Wednesday, January 16, 2008


Managed to Ride

Everyone. I hadn't exactly planned that, but once I got started, I couldn't stop.

Tucker was first. By and large he was pretty good with only one balk, easily corrected. However, as I rode I could feel him lose impulsion now and then kind of like a car with engine trouble. He would be nice and bouncy and forward for a while and then lose energy, being a little less willing to go forward.

He is not at all unsound, so the hock issue doesn't bother him that way. He just sometimes finds it hard to use himself with full effort.

But, I also had him well on the bit and working towards some serious engagement. I challenged him with a little bit of half pass at the trot and canter. We had just begun working to the half pass from leg yields, so I don't expect too much. The trot effort was pretty good in both directions, but in the canter, he was easy to ride half pass right, but "stalled out" in the half pass to the left. I guess moving his right hind leg left and under put more strain on that hock and made him uncomfortable. While he lost the canter stride, he didn't quit altogether, so that's good.

He had his second shot of Adequan today as well. It's s series of 7 injections at four day intervals. I am pleased to report he didn't even notice when I put the needle in. My vet gave me two needles for each shot. One short one to draw the Adequan out of the bottle and a longer one to use exclusively on Tucker. He says that putting the needle through the rubber membrane on the medicine bottle dulls it a lot and he's found using a brand new needle for the injection itself is much kinder to the horse. I'm for that, especially since Tucker really didn't mind at all.

Toby was lovely as ever. I did a fair bit of cantering, just to help increase his stamina for his lesson on Saturday with Stacie--Gabriel is coming. He simply felt good. There is just no other way to describe it. He is so easy to ride I just kind of sit there and let things happen.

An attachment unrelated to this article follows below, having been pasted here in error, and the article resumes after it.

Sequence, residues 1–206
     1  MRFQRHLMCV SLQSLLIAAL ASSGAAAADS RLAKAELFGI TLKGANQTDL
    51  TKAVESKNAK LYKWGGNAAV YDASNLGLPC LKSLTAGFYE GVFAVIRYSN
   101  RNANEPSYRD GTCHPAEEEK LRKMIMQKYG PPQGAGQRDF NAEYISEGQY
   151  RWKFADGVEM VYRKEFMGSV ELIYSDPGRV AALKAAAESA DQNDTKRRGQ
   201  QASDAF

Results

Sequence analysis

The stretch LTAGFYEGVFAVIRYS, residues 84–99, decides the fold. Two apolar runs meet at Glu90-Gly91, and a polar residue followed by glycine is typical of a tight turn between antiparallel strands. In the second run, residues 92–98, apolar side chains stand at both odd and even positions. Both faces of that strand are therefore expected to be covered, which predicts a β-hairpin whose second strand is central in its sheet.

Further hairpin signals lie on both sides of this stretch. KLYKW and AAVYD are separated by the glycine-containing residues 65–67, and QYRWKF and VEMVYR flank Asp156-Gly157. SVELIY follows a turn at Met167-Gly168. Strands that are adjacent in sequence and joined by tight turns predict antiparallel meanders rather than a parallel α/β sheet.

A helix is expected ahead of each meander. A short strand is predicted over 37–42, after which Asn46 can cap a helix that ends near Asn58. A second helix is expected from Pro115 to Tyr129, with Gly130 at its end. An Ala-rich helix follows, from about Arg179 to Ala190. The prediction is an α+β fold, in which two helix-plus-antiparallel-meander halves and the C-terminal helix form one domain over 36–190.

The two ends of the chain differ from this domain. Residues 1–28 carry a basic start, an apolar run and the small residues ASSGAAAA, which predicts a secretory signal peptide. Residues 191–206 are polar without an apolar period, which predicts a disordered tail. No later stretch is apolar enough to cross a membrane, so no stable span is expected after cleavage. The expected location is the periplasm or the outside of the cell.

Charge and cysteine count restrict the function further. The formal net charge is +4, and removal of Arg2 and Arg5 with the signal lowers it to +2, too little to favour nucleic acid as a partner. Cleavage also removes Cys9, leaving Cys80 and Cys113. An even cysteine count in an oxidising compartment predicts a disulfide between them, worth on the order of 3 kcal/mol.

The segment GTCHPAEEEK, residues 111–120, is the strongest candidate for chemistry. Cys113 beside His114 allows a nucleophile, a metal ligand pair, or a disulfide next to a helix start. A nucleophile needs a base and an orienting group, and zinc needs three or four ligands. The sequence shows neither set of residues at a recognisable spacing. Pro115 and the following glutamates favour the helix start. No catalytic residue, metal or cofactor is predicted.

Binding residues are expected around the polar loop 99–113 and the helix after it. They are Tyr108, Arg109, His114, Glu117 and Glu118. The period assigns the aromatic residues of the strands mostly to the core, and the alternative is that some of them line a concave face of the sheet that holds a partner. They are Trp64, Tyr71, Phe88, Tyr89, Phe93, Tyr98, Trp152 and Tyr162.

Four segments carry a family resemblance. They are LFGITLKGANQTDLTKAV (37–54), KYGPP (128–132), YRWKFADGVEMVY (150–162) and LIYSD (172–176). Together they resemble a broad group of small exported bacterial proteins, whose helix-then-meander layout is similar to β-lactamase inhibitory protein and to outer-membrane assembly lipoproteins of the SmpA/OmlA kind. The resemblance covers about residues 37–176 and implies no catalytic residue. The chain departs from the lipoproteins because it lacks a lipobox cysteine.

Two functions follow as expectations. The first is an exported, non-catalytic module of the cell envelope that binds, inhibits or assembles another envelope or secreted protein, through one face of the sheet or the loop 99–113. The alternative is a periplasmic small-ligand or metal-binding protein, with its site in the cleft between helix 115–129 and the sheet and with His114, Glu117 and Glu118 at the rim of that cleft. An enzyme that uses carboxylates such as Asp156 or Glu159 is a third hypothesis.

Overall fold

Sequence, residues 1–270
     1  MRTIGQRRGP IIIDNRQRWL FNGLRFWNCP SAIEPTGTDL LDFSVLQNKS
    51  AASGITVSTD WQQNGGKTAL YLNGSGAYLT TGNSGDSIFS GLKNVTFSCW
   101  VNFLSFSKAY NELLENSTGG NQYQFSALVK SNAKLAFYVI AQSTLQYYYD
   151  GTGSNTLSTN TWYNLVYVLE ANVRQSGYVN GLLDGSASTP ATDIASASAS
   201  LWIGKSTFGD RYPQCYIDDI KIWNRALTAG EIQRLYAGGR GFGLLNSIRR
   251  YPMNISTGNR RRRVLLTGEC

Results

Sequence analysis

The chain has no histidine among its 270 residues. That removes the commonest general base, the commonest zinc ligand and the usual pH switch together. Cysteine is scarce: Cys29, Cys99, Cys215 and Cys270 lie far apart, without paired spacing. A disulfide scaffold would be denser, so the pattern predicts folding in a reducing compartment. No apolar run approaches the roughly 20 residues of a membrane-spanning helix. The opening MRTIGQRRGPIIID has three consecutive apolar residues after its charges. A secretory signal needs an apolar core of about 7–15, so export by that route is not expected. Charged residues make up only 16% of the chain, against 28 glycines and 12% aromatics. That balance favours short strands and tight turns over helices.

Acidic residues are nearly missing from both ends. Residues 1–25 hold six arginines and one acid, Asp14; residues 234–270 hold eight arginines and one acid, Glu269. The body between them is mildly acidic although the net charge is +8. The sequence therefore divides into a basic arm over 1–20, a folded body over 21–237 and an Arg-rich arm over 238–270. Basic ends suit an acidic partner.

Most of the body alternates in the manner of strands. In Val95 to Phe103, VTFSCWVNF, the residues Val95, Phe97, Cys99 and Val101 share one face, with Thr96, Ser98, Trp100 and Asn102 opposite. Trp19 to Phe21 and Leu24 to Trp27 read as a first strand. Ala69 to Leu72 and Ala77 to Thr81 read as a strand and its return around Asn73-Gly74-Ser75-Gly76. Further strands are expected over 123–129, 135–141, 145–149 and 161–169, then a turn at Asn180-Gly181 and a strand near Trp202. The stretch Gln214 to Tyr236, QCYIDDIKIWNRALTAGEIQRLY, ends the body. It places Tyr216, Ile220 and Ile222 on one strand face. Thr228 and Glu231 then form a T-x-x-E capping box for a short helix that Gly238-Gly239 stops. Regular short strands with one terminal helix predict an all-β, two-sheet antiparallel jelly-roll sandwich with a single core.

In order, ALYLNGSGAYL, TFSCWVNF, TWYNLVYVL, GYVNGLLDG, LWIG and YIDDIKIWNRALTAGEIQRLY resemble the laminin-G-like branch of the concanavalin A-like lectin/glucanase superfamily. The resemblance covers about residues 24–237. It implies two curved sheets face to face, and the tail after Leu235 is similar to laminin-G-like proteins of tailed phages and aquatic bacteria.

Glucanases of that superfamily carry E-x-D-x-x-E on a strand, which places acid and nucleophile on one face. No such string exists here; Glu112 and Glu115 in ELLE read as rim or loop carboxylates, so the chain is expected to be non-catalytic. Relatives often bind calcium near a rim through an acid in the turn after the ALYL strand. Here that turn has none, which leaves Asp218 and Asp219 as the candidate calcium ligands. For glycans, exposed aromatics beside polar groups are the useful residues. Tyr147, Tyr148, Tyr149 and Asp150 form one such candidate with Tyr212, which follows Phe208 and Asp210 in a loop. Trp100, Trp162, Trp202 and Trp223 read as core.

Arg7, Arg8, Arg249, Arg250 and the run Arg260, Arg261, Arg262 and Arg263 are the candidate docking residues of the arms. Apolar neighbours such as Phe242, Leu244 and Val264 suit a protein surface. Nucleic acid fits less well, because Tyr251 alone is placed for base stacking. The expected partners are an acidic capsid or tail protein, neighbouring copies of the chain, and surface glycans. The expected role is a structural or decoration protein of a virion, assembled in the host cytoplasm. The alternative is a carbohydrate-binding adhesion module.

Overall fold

Then, I saddled up Chance.

He is the reason for my post's title. He was an absolute angel. He did not throw his head once and for the most part actually offered to go on the bit in a nice long frame. He didn't drop behind the contact or get too low either. And, he was relatively easy to steer both to the left and to the RIGHT. He kept a nice forward trot and felt so good that--had I wanted to take the risk--I would have felt perfectly confident asking him to canter.

But I didn't. The plan is to spend the better part of a month with him in the long lines, learning to respond to the aids and learn to carry himself. I will still ride him, but the bulk of the training will be in the lines.

He will be five in the Spring and is more than ready to learn to really work. The nonsense of last night really hasn't much of an excuse as he has been lunged and lined for quite a while now. The trouble is that his training has been interrupted by two foot problems and that strange hind end lameness which stopped him for the summer.

I've never been quite this far behind in training with a youngster before. But, after riding him tonight, the progress he's made over the last few weeks with the long lining focus is really good, so I figure he will be well on his way in short order.

We will just have to work our way through the typical 4-5 year old tantrums as he tries to test out his strength and will.

Sound familiar, anyone??? *G*

1 comment:

  1. it won't hurt a warmblood for you to be late with his training Jean, they mature very late physically compared with TB's. I don't much envy you the spring five year olds though!